The story that we relate here is absolutely true.
We have always considered it an ideal subject for a short film or television
program and of course given that the locations are completely unchanged and
located beside a still working steam railway means that a complete
re-enactment would be quite simple to arrange! If you are a program maker and would like more local detail please
contact the webmasters, contact details at the foot of the page.
The information that follows has been gleaned from
a variety of sources including in particular local newspaper cuttings for
the supply of which we thank the Worthing library, confirmed with other
details in "An illustrated History of the Lewes and East Grinstead Railway"
by Klaus Marx.
In World War II 1943 life was hard and Gunner
Ronald Knapp married Corporal Winifred Standing on Saturday 31st. July at
St. Giles Church, Horsted Keynes. Gunner Knapp was shortly going on an
overseas posting so he had been granted a short leave time for his wedding
and honeymoon. The couple remained married for just 4 hours.
As it was wartime the wedding breakfast was held
at the home of the Bride which was Nobles Farm on the parish boundary
between Horsted Keynes and Lindfield near what is now the Bluebell Railway.
The groom's parents lived in Haywards Heath and had to leave the reception
early to catch the last bus for home from the stop outside what is now
but was then a very deserted area. The newly
married couple decided to walk with them to the bus stop, and it was this
decision that made the drama begin and their lives end.
It was of course dark on any wartime evening (no
street lighting and a blackout then of course) and with very heavy rain
visibility was poor. So having seen their new in-laws safely off onto the
bus for Haywards Heath at 20.20 the newlyweds decided to walk back to the reception
not by the path beside the potholed waterlogged track but along the less muddy railway
which in this weather was the easiest route from the bus stop back to Noble's
Unfortunately this was the same time as the train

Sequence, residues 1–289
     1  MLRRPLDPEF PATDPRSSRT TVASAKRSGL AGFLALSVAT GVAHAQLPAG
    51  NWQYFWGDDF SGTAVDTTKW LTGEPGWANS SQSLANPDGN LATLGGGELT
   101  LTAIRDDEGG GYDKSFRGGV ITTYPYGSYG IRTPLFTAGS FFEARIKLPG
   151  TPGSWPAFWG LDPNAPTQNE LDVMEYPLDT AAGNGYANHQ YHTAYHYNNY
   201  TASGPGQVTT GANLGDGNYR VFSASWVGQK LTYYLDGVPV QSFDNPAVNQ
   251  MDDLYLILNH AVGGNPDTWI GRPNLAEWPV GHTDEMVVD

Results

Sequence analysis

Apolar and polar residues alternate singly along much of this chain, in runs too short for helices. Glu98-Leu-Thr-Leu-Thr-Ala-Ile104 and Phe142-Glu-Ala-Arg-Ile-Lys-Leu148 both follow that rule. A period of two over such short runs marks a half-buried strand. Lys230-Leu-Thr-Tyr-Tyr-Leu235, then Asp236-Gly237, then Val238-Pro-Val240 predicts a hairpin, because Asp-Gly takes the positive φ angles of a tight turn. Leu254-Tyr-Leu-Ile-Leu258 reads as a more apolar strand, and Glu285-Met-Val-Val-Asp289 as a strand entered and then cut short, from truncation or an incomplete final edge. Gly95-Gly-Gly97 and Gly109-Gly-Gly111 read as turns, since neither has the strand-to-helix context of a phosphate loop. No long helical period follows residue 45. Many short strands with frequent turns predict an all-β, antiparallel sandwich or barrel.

from Lewes to East Grinstead which would have been travelling "tender first"
i.e. with the engine travelling at the front of the train but backwards and at the relatively slow speed
of 25 miles an hour. The guard said that as they passed the bridge over the
road by Holywell he saw something dark lying in the track, so when the
train reached Horsted Keynes station three quarters of a mile or so away,
the guard got the driver to look at the front of the train, i.e. the rear of the engine, where he found
an old raincoat covered with blood.
A line ganger was called out from his home beside
the station and
while walking the line South from Horsted Keynes towards Holywell he made a grisly
discovery. Lying between the rails were the lifeless bodies of the newly
married couple, some distance further away was another mackintosh.
The ganger told the inquest which was held in
Haywards Heath that it appeared the couple had been walking with their backs
to the train with a single mackintosh over their heads. There had been a
very heavy squall at the time and the couple would probably have not heard a
At the inquest in Haywards Heath the Coroner Dr.
E. F. Hoare said that in his opinion the couple would have been killed or at
least rendered unconscious instantly. They were trespassing on the railway
track and no blame could be attached to any railway worker. In fact he said
that they performed in an exemplary manner.
It was the same rector who married the couple the
Rev Stenton-Erdley who had the sad duty of burying them together in St. Giles Churchyard
a little over a week later. They still lie there together to
this day under a War Graves Commission headstone. We hope to have a picture of their grave soon.
* For the avoidance of doubt this was obviously well before the Bluebell
took over the line.